HomeUncategorized5/18 News Roundup & Open Thread – Bernie Sanders Unveils His K-12 Education Plan & More
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Bernie hits it out of the park again!

Our (very small) local school district is busy “crapifying” the education provided while angering the taxpayers by asking for higher levies, so that they can pay for skyrocketing health insurance premiums. The administration blames the teachers’ collective bargaining agreement, but you can’t believe the gibberish the administration hands out as “justification” either.

These maneuvers and ones like it prime the voters to believe the blandishments of charter school corporations who want to move in. BTW, administrators see significant salary boosts when schools go charter. Teachers, by contrast, see their pay tank.

Public education does not support dividing up children into “winners” and “losers,” as privatized education does.

Bernie’s critical observations about charter schools are spot on.

Thank to LD and Benny for posting Bernie’s rallies in the Deep South! The Asheville turnout was impressive!



Chait and Jennifer Rubin have become the main conservatives really attacking Bernie; it’s seems to have become a mania for them.


After initially declining to be interviewed by the NYT about his foreign policy views during his time as mayor, Bernie grants an interview. He doesn’t hold back.


What point do you want to make?

My point is that fascism developed in Chile as a result of that. The United States overthrew the government of Guatemala, a democratically elected government, overthrew the government of Brazil. I strongly oppose U.S. policy, which overthrows governments, especially democratically elected governments, around the world. So this issue is not so much Nicaragua or the government of Nicaragua.

The issue was, should the United States continue a policy of overthrowing governments in Latin America and Central America? I believed then that it was wrong, and I believe today it is wrong. That’s why I do not believe the United States should overthrow the government of Venezuela.

Do you think your view on foreign policy, and how to conduct it, separates you from other Democrats?

Well, I believe the United States is the wealthiest and most powerful nation on earth. So I believe — and don’t hear me to say otherwise — that the United States must play a leading role in the world on international affairs. I believe that. I don’t believe that we should go about overthrowing governments, and I don’t believe that we should be engaged in endless wars. But the United States has the capacity to — with its wealth and with its military power — to do everything possible to support democracy and human rights and peaceful resolutions to international conflict.

If that separates me from other Democratic candidates, so be it.





It shouldn’t be too surprising that Sanders’ decline is associated with an increase in Warren’s numbers. Sanders and Warren are the two most progressive major candidates in the Democratic field. Both have consistently polled their best among those Democrats who call themselves “very liberal” and their worst among Democrats who call themselves either moderate or conservative.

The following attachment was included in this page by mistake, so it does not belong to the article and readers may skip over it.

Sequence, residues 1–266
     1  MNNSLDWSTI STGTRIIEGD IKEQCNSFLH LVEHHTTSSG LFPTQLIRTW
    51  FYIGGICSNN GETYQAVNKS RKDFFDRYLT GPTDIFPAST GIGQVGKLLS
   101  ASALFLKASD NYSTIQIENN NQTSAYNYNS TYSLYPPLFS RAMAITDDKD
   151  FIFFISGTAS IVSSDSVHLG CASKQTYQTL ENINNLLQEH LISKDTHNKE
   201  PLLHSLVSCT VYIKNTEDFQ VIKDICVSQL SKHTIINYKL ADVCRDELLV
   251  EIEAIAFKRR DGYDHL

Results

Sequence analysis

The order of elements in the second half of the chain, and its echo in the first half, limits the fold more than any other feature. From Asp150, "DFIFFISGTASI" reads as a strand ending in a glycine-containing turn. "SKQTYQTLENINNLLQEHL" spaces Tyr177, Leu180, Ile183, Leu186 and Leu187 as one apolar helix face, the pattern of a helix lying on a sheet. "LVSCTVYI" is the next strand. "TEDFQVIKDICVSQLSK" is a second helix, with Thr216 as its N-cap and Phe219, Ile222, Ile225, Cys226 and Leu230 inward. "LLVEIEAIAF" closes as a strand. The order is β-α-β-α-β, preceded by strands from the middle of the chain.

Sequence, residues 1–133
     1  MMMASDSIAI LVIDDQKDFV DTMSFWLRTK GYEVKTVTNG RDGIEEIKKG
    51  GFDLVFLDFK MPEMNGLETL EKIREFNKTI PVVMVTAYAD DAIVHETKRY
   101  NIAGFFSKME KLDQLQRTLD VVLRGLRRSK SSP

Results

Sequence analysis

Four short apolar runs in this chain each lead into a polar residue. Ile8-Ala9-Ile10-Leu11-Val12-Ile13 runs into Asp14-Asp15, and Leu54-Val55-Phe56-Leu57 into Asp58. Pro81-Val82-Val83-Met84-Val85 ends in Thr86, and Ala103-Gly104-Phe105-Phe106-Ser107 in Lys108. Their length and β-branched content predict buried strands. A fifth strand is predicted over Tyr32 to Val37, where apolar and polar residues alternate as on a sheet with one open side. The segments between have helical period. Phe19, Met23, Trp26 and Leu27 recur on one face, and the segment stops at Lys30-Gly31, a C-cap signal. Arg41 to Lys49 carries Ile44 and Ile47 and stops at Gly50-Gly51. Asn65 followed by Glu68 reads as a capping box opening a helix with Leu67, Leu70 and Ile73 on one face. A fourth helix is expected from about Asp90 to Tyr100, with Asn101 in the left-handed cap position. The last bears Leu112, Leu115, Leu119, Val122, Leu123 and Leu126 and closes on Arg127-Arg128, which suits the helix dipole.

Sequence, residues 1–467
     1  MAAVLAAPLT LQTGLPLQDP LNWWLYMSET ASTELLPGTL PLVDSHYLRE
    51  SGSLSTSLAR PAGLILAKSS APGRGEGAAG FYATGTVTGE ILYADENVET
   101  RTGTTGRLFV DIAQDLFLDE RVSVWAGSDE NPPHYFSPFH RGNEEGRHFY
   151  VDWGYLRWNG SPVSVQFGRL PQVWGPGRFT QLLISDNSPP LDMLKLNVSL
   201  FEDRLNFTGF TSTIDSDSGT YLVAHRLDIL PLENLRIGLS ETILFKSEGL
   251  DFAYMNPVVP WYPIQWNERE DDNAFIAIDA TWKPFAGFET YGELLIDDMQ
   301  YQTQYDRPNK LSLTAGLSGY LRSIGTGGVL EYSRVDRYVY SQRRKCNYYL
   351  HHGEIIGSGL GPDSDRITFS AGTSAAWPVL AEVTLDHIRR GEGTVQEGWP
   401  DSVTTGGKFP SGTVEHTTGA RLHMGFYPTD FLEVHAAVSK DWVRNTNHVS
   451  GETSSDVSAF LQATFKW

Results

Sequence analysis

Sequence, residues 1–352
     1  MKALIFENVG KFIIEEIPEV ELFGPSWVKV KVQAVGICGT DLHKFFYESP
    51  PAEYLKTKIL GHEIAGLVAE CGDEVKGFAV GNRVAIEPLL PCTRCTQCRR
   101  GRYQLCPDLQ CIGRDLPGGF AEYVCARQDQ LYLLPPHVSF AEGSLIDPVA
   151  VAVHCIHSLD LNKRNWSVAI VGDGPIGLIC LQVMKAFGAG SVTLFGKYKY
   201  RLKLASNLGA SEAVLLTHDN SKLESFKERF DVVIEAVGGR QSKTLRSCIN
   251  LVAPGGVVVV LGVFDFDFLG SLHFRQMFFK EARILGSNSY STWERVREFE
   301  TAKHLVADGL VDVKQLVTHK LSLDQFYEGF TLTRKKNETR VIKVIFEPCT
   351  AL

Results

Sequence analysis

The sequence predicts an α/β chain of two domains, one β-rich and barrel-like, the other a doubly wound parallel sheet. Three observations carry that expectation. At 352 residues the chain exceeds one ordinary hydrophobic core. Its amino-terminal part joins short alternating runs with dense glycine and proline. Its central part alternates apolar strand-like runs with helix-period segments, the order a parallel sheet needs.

By merely looking at ideology, however, you miss what I believe are key differences between the types of voters each is attracting. It could prove difficult for Warren to make further gains among Sanders’ supporters, unless she starts appealing to a different type of voter.

Sanders’ voters are more likely to be mirror images of President Donald Trump’s voters: working class and fed up with the current dysfunction in Washington, just on the other end of the political spectrum

Warren’s voters are certainly liberal, but they are well-educated and aren’t anywhere near as anti-establishment.

As was the case in 2016, Sanders’ backers are not pleased with business as usual. He gets 22% from those who think it at least very important to bring an outsider’s perspective to Washington, despite being in Congress for nearly 30 years. Warren, in Congress since 2013, is only at 6% among this group. Among those who do believe it is only somewhat important or not important, Sanders takes in just 11%. Warren stands 8% with them.

Sanders’ profile actually matches Biden more closely than it does with Warren. Despite Biden serving in the federal government for more than 40 years, Biden wins 45% from those who say it is at least very important to bring an outsider’s perspective to government compared to 33% who believe it is only somewhat important or not important at all. This could, of course, be a statistical quirk.

The question could be interpreted as a stand-in for the belief that government isn’t working as it should. Biden’s bipartisan pitch and Sanders’ postpartisan appeal both aim at solving that problem. Warren, on the other hand, is viewed as more of a harsh partisan. (See her refusal to have a Fox News town hall.)



I refuse to subscribe to The Nation in part to articles like this (not going to give them a click to read it), but I have a question. Is this piece clearly marked as Opinion or is it pretending to be a news article?


How we view the world is circumscribed by many things. Language and culture are two of the main limiters, so it is often interesting how art is reflected by those who look at the world from a different viewpoint. These limiters can be overcome if one so chooses, but even being introduced to them can make a change. The artists (a team of two men and one woman) who created these animations are from the Netherlands.